All data needs to be reconciled, you can not trust any data, even for instance on-line measurements in the industry. Data-reconciliation is a must before doing any evaluation. How you can trust scientific papers with faunistic data, are they better than inaturalist because they are written by scientists (of which some are less in the field than hobbists)? I do not think so, here at least you can always check doubtfull data and see photo/s. You do not have this luxury with most published data. It would be easy just to take thousands of hours of work of freelancers and just plot the data. Some work needs to be done also by those who want to publish them ;-)
Wasn’t it tested that iNat error is no bigger than in museums?
No idea, was it? For which taxon groups?
So long as iNat tips - this is not wild - out of needs ID, many people are reluctant.
iNat needs a gracious way to split Is it Wild from Needs ID
Paired with an easy way for power users to avoid casual (which they can’t now, because it isn’t marked as casual, because we want an ID) Vicious circle.
I don’t disagree. That doesn’t absolve the users of data from understanding the nature of 3rd party information and curating it properly before using it in (meta)analyses.
It was, but can’t find it again. @tiwane ?
Maybe referring to this? https://www.inaturalist.org/journal/loarie/10016-identification-quality-experiment-update
Interesting you bring that up. Now that there are museum specimen lists online, with collection locality, errors of this kind are also becoming easier to find. I was looking at Cyclanthaceae to determine if any occurred in the Dominican Republic, and I did indeed find a single record. But the name of the locality didn’t look right for a Spanish-speaking country, and the known range of the taxon included the Lesser Antilles, but not the Greater Antilles. Playing a hunch, I looked for a place with a name like that on Google Maps, and sure enough, it was in Dominica, not the Dominican Republic. I then contacted the curators of the specimen list with my findings. I can’t remember what museum it was now, so I have not been able to follow up to see if they corrected it.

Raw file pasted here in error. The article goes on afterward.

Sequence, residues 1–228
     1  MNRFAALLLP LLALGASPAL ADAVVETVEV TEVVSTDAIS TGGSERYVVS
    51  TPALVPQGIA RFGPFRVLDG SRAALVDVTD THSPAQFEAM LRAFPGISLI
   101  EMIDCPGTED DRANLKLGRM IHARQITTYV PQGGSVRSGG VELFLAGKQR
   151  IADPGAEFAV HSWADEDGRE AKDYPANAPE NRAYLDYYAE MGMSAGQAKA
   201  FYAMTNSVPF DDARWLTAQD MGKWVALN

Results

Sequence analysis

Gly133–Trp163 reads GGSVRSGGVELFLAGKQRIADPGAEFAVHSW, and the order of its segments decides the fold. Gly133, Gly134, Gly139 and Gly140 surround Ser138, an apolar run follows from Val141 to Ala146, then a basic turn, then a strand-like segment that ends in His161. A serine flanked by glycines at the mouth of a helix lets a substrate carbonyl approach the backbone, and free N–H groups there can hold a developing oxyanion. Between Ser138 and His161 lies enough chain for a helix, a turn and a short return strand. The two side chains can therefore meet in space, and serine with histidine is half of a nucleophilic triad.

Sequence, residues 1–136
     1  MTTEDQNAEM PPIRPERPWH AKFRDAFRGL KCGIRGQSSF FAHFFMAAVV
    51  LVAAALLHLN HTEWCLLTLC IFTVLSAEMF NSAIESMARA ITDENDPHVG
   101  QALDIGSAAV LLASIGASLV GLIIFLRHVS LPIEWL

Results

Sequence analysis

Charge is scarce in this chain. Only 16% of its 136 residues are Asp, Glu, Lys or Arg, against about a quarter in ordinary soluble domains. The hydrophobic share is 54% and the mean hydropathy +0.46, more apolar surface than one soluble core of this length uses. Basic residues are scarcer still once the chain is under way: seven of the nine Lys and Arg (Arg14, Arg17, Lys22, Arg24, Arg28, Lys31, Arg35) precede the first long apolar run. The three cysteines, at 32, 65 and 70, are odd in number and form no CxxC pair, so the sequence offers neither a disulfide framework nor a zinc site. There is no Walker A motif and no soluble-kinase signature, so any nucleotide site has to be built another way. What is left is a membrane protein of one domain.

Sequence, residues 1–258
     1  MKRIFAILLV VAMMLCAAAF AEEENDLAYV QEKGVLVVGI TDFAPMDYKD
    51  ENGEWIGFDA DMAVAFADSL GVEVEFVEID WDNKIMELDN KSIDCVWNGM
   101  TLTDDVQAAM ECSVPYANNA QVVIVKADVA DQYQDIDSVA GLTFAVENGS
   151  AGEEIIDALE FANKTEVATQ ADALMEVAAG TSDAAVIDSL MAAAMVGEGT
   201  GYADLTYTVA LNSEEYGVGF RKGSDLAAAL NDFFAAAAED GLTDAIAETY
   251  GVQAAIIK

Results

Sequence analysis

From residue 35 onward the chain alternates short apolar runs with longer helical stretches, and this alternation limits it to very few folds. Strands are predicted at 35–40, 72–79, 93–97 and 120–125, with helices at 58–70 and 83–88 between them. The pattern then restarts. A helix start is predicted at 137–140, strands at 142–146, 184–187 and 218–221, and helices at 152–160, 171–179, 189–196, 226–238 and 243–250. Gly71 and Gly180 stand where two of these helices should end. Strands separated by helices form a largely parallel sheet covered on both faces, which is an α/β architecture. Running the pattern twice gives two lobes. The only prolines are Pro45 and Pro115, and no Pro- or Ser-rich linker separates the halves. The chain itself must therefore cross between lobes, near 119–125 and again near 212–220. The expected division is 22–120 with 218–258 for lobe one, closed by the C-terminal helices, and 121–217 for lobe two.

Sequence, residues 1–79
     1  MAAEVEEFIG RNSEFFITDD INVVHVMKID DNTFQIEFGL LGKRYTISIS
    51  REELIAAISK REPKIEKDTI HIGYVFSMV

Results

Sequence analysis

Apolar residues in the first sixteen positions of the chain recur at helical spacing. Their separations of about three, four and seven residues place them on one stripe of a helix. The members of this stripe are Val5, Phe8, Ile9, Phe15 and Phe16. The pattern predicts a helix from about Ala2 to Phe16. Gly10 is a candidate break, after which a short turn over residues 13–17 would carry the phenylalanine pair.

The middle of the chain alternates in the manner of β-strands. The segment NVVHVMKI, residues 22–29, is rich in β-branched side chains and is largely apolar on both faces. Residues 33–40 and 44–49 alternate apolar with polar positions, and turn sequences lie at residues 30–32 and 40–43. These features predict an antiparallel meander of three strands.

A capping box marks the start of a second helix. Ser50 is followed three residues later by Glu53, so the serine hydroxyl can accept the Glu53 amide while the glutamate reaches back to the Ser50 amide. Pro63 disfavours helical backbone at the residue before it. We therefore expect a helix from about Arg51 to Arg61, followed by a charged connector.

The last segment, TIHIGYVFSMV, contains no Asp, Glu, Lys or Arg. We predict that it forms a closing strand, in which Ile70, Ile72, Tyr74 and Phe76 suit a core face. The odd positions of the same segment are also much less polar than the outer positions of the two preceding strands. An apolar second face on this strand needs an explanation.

and this (I think based on that):
I agree with this completely. I have worked with a lot of scientifically rigorous data that also had plenty of issues. How we choose to use data and the assumptions we make is an important part of using any data.
It is also important to point out that sometimes you just have to use data that you know has issues because like it or not, it is the best available data. You just need to be clear about your assumptions and identify those issues and risks clearly and plainly. I go by the view that folks can disagree with the the data used if they like, but they then need to step up and identify better data. If they cannot, then its irrelevant because you cannot always wait for perfect data to make decisions.
That paper itself appears to be deeply flawed. As noted by Rod Page, they count synonyms and specimens undetermined beyond genus as “incorrectly named”, don’t state clearly what “wrong” means beyond that, and most fundamentally, don’t provide the data so anyone else can check.
They also cite the revision of Aframomum that is the source of the correct names as being from 2014, when in fact it wasn’t published until three years after this paper, in 2018. Even then it was published in a small-run print-only format, so many herbaria probably still have not updated.